Autostereoscopic multidimentional processes and Lippmann's Integral Photography
The Lippmann's plates thread ( http://www.apug.org/forums/forum42/6...nn-plates.html ) got me interested in Integral Photography and autostereoscopic processes in general.
I recently came across a magnificiant example here:
The photographer used a personal process that seems connected to Lippmann's Integral photography. He told me that he can be contacted about this through e-mail.
Gary Auerbach's email : email@example.com
More on Integral Photography here:
Anyone else ever tried autostereoscopic processes ?
Thanks for the post about autostereoscopic multi-dimensional platinotype's using lenticular screens.
Best wishes to all at APUG. Better email is firstname.lastname@example.org
Pertinent Links & Resources
Overview and history: http://www.outeraspect.com/history_lenticular.php
This company can supply lenticular sheets and fly's eyes array: www.fresneltech.com
This PDF... http://fresneltech.com/pdf/FresnelLenses.pdf is a catalog. I contacted the comany a while back and they said, "#300 has been used to make 3D pictures, and the pictures were good, but somewhat coarse. You might also consider the #360. You can ask email@example.com for a quotation; our catalog prices are not current, I am sorry to say. Sales should also be able to supply data on the lenslets. Please be sure to request a thickness such that incoming light is focused on the plano side of the arrays." Minimum $100 order.
These would be suitable for integral photographs; I've not checked into lenticular sheets specifically.
Takanori Okoshi's "Three-Dimensional Imaging Techniques" is an excellent book on the topic. Most university libraries should have a copy. Half is hardcore geometry but the other half is descriptive explanations that are suited to the lay-man.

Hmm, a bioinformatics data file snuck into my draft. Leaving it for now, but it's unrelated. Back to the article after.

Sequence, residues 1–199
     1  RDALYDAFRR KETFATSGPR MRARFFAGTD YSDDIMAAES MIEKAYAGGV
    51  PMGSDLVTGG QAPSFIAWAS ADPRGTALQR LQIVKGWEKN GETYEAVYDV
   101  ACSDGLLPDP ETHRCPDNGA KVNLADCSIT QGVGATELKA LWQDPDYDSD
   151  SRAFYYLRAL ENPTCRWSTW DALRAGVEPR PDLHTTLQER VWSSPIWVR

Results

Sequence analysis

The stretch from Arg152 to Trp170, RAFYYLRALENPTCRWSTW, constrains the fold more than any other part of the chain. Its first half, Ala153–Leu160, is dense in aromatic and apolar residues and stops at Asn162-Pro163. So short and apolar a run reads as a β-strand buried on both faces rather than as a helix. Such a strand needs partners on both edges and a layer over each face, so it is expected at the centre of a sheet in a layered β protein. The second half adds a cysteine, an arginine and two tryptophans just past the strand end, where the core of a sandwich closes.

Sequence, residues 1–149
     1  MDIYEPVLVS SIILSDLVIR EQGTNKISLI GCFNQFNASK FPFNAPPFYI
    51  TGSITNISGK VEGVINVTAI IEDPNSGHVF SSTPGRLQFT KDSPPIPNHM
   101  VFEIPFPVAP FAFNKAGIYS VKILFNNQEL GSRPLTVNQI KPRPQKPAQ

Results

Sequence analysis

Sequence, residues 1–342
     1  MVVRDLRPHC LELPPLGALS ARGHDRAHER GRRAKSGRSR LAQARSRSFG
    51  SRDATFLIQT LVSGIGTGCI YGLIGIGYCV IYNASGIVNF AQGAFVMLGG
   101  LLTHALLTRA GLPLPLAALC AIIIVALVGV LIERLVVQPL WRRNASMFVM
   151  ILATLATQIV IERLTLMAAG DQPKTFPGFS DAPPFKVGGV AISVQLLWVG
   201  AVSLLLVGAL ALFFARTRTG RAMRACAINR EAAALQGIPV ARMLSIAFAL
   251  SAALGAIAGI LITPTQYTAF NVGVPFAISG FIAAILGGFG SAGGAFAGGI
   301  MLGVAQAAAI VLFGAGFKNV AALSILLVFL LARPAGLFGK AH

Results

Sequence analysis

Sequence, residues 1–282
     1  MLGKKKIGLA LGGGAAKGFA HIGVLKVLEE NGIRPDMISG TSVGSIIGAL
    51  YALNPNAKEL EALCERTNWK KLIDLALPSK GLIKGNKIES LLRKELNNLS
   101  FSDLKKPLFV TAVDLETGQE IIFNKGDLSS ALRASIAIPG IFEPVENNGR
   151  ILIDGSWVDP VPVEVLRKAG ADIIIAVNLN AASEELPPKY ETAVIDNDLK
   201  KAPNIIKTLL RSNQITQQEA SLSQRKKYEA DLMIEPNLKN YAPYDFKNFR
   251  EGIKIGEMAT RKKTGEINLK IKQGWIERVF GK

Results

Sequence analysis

Lippmann's Original disclosure in English: http://people.csail.mit.edu/fredo/PUBLI/Lippmann.pdf
http://www.tgeorgiev.net/Lippmann/ (more, as well as French version)
http://www.futurepicture.org/PDF/P_P...s_Method-1.pdf (English & Russian texts)
This is an abstract only: http://www.opticsinfobase.org/abstract.cfm?id=16069 But an alternate method that doesn't use a screen per se, but rather thousands of tiny glass beads. This is explained briefly in Okoshi's book. It is a route to consider, but poses difficulties. However, retro-reflective beads used in road paint and street signs are theoretically capable of meeting the necessary conditions. These can be had for next to nothing from hobby suppliers on eBay and the like. Worth noting.
At some point in the 80's (IIRC) Roger de Montebello owned/operated a company in Ann Arbor, MI called MDH Products. They created "Integrams" which were non-pseudoscopic integral photographs. Very little information can be found about this; but supposedly they were quite good, perhaps the best examples. Please contact me if you have any information about this. Patent: http://www.google.com/patents?hl=en&...page&q&f=false
Lastly, I was going to post a link to the Holography Forums, which had some discussions and a few posts with examples. However, follow the link and read the bad news for yourself (site shut down due to legal troubles). http://www.holographyforum.org/
Last edited by holmburgers; 10-25-2010 at 12:15 PM. Click to view previous post history.
The holographyforum is about to be re-constructed, see: http://holography.no-ip.org/
Originally Posted by holmburgers
So I actually talked to Gary Auerbach on the phone last night and we had a nice discussion about his method for making this 3D picture, among other topics. He used a camera with a motorized front lens board that shifts from side to side during the exposure. This, coupled with a lenticular sheet that is pressed in contact with your film will result in an "encoded" image on the film. Then, once you reversal-process it or contact print it, you place an identical screen back in registration with it to "decode" it and boom you've got a 3D image.
I believe that all the examples of lenticular prints that you find from the 70's (you know, lap-dogs, bouquets of flowers; the stuff you find at antique malls) were made with this kind of camera. It gives a continuous stereoscopic image within a limited range. I have an example and it is quite good, but as you go too far to the left or right, the image kind of resets, that is, starts over and there's a weird point where this discrepancy is very distracting. I believe this is called "flipping", in the words of Takanori Okoshi. However, this is different from 'flip-animation' lenticulars, which are meant to show an animation of sorts.